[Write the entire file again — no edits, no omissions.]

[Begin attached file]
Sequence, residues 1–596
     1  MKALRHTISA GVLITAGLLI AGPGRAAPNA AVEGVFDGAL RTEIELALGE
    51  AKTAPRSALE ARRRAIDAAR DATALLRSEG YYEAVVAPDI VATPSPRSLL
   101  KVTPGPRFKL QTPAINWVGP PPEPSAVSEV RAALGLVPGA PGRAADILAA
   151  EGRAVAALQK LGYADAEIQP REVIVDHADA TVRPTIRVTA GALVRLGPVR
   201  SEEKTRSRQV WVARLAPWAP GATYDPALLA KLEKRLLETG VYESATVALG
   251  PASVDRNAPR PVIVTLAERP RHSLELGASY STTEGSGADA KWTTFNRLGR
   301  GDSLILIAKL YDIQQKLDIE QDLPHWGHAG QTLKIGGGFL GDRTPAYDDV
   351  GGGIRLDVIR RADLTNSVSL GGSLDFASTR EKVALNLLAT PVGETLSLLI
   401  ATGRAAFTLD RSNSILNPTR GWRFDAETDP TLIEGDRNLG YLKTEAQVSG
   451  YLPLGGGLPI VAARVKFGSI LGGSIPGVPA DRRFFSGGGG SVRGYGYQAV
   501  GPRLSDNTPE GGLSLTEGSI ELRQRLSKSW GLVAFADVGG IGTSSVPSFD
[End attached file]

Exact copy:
Sequence, residues 1–596
     1  MKALRHTISA GVLITAGLLI AGPGRAAPNA AVEGVFDGAL RTEIELALGE
    51  AKTAPRSALE ARRRAIDAAR DATALLRSEG YYEAVVAPDI VATPSPRSLL
   101  KVTPGPRFKL QTPAINWVGP PPEPSAVSEV RAALGLVPGA PGRAADILAA
   151  EGRAVAALQK LGYADAEIQP REVIVDHADA TVRPTIRVTA GALVRLGPVR
   201  SEEKTRSRQV WVARLAPWAP GATYDPALLA KLEKRLLETG VYESATVALG
   251  PASVDRNAPR PVIVTLAERP RHSLELGASY STTEGSGADA KWTTFNRLGR
   301  GDSLILIAKL YDIQQKLDIE QDLPHWGHAG QTLKIGGGFL GDRTPAYDDV
   351  GGGIRLDVIR RADLTNSVSL GGSLDFASTR EKVALNLLAT PVGETLSLLI
   401  ATGRAAFTLD RSNSILNPTR GWRFDAETDP TLIEGDRNLG YLKTEAQVSG
   451  YLPLGGGLPI VAARVKFGSI LGGSIPGVPA DRRFFSGGGG SVRGYGYQAV
   501  GPRLSDNTPE GGLSLTEGSI ELRQRLSKSW GLVAFADVGG IGTSSVPSFD